As you can tell from the story description and casting, this is every bit the classic Western tale, and rife with all the attendant cultural stereotypes that come along with that about women, people of color, and morality. Belasco’s original may even have been partly responsible for cementing the popularity of the form and its archtypes in the American imagination.

But Rady & Bloom’s re-imagining of the work is playful, often tongue-in-cheek, and surprising in the ways that it manages to draw you in despite the simplicity of the story. There are a few false notes, particularly the awkward rap that actor Tom Hennes performs early in the play in his role as the bandit. And unfortunately, because the actors voices aren’t projected in the cavernous space of the New Ohio Theatre, a few chunks of dialogue are inaudible, particularly as the pace of the piece has the actors often speaking over one another. But you have to remember that we’re not on Broadway here—this is a downtown performance of a premiere (i.e. a largely untested play) by a small company given a very short run in a festival; this isn’t a multi-million dollar corporate-backed spectacle (thankfully that means it’s nowhere near the cost of a Broadway ticket). But it’s far more endearing for being what it is, and it’s an example why I will always prefer scrappy productions to slick products.

Rady & Bloom’s inventive and enjoyable work uses the ingenuity that theater people have been demonstrating for centuries: building a clever set with the resources they had, mixing in contemporary costumes that aren’t cheesy or overdone, and making use of the space and the material they had in some really clever ways. It’s a bit camp, a bit genuine, and mostly a good time.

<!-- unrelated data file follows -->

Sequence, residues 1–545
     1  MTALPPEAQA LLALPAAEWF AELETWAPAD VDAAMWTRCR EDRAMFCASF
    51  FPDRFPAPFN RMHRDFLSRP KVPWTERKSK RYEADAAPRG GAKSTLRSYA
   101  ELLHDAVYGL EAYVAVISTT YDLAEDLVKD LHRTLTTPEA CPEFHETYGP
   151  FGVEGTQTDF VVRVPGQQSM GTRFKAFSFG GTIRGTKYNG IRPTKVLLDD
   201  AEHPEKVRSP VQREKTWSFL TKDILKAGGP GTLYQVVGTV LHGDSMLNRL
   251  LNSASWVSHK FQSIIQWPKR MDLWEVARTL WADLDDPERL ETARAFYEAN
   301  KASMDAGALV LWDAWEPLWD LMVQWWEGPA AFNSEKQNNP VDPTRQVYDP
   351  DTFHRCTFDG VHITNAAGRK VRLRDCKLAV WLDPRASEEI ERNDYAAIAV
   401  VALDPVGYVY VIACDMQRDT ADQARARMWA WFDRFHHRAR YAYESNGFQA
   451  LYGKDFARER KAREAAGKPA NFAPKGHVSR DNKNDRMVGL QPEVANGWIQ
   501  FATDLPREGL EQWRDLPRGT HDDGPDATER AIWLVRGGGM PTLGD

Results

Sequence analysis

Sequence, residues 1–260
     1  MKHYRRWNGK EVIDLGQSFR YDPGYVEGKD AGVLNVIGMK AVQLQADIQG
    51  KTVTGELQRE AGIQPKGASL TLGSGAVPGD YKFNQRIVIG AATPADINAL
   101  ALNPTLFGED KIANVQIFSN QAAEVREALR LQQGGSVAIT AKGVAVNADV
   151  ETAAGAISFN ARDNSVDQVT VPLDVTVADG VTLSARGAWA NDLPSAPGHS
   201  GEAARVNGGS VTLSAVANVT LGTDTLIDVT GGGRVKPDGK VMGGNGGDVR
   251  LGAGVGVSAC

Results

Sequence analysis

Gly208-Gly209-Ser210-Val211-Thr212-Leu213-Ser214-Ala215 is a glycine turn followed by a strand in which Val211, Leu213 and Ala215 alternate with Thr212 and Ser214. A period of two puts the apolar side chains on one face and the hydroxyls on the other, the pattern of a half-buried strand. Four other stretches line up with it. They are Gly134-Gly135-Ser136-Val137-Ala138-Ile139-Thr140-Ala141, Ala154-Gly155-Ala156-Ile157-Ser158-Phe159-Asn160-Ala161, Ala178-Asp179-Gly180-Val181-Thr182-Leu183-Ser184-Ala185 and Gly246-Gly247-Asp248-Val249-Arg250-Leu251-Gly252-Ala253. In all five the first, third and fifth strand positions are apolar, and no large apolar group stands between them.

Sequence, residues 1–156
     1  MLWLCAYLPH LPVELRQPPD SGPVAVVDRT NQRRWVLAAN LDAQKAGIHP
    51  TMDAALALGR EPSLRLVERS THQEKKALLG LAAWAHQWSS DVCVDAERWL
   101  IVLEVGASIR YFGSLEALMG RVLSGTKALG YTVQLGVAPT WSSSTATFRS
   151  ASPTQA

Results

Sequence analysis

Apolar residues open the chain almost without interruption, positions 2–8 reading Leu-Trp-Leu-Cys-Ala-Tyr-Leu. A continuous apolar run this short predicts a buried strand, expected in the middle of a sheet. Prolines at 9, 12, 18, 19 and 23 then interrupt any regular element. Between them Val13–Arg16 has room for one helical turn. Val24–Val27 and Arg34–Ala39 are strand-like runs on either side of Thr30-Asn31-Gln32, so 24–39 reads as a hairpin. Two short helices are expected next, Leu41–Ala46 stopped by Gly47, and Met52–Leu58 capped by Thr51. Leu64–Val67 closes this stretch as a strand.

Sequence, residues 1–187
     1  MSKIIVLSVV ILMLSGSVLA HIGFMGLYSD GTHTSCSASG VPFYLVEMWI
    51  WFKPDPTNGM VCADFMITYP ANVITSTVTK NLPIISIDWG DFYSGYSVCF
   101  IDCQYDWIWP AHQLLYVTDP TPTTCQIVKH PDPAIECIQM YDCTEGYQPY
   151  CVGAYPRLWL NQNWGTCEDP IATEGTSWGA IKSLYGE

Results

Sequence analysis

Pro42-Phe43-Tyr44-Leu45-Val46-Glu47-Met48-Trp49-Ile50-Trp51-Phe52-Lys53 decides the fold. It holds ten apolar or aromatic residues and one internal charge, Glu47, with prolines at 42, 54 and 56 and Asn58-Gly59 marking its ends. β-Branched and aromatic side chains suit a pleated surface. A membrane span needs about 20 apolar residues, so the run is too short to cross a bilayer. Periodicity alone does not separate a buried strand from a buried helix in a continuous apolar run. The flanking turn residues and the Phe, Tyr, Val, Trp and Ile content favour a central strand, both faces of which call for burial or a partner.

So, go enjoy it. Beers are only $4 to boot.

Rady & Bloom’s Girl of the Golden West plays again today and Saturday. More info here.

07/25/12 4:00am

Allison Kaufman: Temporary Arrangements
HERE Arts Center

There’s something deeply appropriate about this solo show of video and photography work by Allison Kaufman being hung in the intermediate spaces of HERE (through August 25), which is best known to most people as a space that shows a variety of performance work, from dance to contemporary theater to puppet work.

In the past decade or so there’s been a great deal of emphasis within the performance community on the liveness and ephemerality of the work, driven in part by a desire to communicate why having an audience present to witness the work necessarily changes the dynamic not only for the artists but also for those who come to see the performance. Much of the talk ends up highlighting the temporary community or shared experience created by those present, which cannot be replicated and sometimes bonds those people after the performance is over.

Kaufman’s work, though understood in this show primarily through the media of video and photography, is very much tied to performance and fleeting connections with strangers, which sometimes endure and sometimes don’t.